Jetrader - January/February 2012 - 13

powered by its products. The true engine operating lease hardly existed back in the late 1980s, despite the burgeoning growth in aircraft operating leasing. The first drivers for change came about at that time. Aircraft operating leasing had become popular, rising to some 20 percent of all aircraft in service being owned by leasing companies by the end of the ‘80s, and minds turned toward applying the same financial product for engines, as the JT8Ds became replaced by increasingly expensive models: this rise in unit value had two effects. Firstly the lessors saw an opportunity with the new ticket size making economic sense of the necessary transaction complexity. Secondly the OEMs started taking a hard look at the costs of maintaining their product support pools and realized that some of this service should be charged out on a true economic basis. Those two factors together started the early development of the present commercial engine operating lease business. With Willis Lease also heading in this direction, Engine Lease Finance (ELF) was founded in 1989 and wrote its first long-term leases in early 1990. At the same time, the short term lessors’ business opportunity started to change as engine reliability increased dramatically, with the likelihood of a short-term lease requirement falling back as requirements became much more predictable for the new models. More and more the short-term leasing product became one that was typically offered for older engine types more readily available in the secondary market and which lend themselves to a business model which burned off “Green Time” and then committed a time expired engine to be reduced to parts, which are refurbished and sold back into the maintenance and overhaul (MRO) market. The short-term leasing companies were (and largely are) typically traders who look to turn over their capital on a regular basis, unlike operating lessors who will typically invest in a product with a view to holding it for 10 years or so. This market sector has since moved on with the much bigger populations of engines, and GA Telesis is a good example of the modern growing companies in this market sector. ILFC have acquired Aeroturbine, apparently with the intention of using this company’s competence in successfully extracting the value from older engines. It will be interesting to see how that develops.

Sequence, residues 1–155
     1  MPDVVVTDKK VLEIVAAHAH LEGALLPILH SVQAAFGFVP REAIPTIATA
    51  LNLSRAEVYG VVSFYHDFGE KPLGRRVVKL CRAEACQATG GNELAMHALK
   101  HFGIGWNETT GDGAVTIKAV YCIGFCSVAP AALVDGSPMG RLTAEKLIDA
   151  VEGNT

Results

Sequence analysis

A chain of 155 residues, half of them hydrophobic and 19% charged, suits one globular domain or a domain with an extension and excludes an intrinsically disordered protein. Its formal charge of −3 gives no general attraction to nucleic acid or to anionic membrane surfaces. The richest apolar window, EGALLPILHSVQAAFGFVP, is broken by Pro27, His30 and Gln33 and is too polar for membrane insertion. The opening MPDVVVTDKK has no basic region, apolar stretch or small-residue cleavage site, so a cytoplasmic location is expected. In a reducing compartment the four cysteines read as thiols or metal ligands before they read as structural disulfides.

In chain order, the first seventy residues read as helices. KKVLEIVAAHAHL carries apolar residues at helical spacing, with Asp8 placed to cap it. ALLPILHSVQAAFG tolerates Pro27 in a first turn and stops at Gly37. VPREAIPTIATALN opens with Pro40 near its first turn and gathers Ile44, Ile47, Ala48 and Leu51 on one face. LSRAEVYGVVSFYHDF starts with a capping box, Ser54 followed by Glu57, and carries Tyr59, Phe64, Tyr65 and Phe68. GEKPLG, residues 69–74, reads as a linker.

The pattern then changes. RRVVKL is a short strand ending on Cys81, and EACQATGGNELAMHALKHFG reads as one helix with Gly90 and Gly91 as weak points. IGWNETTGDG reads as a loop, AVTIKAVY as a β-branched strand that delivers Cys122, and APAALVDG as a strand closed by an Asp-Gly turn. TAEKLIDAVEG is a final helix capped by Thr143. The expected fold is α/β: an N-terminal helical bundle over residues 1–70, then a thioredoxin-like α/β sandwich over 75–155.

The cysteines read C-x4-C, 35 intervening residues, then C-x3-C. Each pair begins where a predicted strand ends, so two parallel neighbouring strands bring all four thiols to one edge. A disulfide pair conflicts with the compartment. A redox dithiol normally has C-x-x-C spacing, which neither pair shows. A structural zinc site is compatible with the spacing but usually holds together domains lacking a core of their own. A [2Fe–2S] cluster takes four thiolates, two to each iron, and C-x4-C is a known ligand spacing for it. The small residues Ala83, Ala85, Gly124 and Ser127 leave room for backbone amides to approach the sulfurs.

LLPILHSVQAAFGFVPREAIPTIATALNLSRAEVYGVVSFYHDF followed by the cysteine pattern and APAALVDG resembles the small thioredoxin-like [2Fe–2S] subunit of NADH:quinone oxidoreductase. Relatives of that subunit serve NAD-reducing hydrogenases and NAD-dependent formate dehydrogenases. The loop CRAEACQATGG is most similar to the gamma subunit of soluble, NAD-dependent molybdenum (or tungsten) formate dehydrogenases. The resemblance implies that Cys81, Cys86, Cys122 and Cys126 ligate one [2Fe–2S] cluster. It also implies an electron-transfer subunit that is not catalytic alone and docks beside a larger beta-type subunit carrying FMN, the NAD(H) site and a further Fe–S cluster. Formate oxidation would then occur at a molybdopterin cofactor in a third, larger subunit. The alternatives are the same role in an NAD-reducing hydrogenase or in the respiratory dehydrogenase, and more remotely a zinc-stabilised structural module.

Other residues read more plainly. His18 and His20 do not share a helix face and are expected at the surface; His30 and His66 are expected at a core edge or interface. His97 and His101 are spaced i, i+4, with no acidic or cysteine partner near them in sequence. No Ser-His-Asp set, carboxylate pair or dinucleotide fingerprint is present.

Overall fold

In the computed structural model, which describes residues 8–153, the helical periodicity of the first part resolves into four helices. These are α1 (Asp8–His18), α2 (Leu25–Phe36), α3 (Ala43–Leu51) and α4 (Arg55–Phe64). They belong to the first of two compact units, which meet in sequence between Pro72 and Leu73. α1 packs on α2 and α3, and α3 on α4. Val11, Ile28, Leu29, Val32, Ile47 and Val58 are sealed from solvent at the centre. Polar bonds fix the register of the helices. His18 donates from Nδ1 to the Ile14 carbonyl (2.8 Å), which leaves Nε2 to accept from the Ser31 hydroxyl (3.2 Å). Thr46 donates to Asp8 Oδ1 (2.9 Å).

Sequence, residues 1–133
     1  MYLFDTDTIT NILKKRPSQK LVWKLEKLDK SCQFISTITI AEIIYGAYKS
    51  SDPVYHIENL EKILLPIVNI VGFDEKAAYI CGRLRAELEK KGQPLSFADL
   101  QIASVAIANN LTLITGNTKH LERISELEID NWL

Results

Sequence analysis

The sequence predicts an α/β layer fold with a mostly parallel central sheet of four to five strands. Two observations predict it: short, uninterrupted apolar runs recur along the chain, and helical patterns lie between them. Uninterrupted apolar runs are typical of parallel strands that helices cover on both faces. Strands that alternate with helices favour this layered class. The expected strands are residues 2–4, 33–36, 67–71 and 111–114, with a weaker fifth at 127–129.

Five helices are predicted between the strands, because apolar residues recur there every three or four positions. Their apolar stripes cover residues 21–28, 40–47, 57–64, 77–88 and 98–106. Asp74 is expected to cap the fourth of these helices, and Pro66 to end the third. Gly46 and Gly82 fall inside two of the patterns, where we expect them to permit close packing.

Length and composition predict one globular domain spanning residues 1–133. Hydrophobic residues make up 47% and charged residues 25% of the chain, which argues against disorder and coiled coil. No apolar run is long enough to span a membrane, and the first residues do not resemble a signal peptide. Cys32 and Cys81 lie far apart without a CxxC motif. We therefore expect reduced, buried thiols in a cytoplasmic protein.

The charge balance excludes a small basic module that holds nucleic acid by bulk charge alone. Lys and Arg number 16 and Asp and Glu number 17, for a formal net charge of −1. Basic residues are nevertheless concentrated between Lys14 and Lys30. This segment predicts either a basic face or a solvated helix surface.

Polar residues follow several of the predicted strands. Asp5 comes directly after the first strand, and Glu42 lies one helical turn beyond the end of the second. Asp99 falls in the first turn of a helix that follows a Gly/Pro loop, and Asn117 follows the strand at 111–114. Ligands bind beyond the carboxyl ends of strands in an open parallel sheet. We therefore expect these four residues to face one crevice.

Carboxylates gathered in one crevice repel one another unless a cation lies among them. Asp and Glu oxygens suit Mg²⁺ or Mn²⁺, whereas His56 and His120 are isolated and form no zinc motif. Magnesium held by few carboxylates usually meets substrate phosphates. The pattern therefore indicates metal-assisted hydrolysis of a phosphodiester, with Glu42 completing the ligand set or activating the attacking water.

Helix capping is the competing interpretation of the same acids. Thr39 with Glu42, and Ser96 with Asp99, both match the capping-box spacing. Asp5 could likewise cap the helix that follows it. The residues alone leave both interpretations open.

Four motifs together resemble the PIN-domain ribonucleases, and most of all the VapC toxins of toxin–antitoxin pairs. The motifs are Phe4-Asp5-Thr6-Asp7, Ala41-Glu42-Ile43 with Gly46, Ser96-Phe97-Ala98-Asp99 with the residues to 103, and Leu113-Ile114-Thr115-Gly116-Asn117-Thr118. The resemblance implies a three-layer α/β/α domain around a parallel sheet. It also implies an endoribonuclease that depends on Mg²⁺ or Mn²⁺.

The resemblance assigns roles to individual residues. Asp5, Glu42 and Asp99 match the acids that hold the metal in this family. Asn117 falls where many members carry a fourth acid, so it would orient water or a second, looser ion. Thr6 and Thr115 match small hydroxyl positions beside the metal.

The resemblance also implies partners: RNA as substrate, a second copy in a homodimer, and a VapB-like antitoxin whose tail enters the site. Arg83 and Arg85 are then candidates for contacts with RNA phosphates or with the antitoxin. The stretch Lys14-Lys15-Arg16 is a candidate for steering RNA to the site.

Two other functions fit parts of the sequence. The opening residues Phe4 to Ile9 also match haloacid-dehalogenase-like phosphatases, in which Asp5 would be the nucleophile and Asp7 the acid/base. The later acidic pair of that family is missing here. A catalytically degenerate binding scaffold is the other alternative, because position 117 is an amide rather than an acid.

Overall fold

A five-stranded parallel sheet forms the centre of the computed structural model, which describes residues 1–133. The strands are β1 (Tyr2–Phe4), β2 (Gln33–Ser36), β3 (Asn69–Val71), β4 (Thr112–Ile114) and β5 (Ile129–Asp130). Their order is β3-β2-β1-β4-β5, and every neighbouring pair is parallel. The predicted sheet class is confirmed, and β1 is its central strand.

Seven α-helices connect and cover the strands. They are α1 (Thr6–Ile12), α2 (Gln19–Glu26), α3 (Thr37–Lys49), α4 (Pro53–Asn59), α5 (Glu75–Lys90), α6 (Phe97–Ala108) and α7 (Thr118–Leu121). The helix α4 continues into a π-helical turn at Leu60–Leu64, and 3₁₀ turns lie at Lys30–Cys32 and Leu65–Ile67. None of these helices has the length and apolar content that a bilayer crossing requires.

So then the operating lease companies grew, and after a few years of operation, had to prove their business model by remarketing those engines that were now five or six years down the line, having been returned from their first leases. Any operating leasing company whose business model is based around longer term leasing is anxious that as soon as an engine finishes its lease, it should be placed immediately on the next lease, but unfortunately in the real world the availability for the second long-term lease may not be so immediate. Therefore, rather than having an engine sitting in a warehouse incurring storage and finance costs, the lessor looks to place it in the short-term market until a long-term lease is found.

A Maturing Industry
The “new” breed of operating lessors also became short-term lessors. With the growing sophistication within the engine leasing community, this line has become blurred and the mature companies of today offer a mixture of products, often combining them to offer the airline a “one-stop shop” for all their leasing requirements, which is where ELF is now positioned. Thus it has become that the short-term leasing product has become more commonplace for modern engines, which may or may not be characterized as a pool. The next development arose as the operating lessors became more financially sophisticated and saw opportunities to syndicate packages of engines with revenue-earning leases attached to them. Nowadays most engine lessors have sold off such packages, taking profit and raising cash while continuing to participate in the income stream as a minority shareholder and earning lease management and engine remarketing fees. These syndication platforms also provide a vehicle for portfolio management. For example, GEEL concluded “Blades,” and Willis, “WEST.” ELF currently has 74 engines part-owned and/ or under management, with mandates for a further 17, all with a variety of investors although we continue to own outright the great majority of our engines. Therefore there existed by the turn of the first decade of this millennium a sophisticated and well-rounded engine leasing market. I like to think that we at ELF have been instrumental in leading the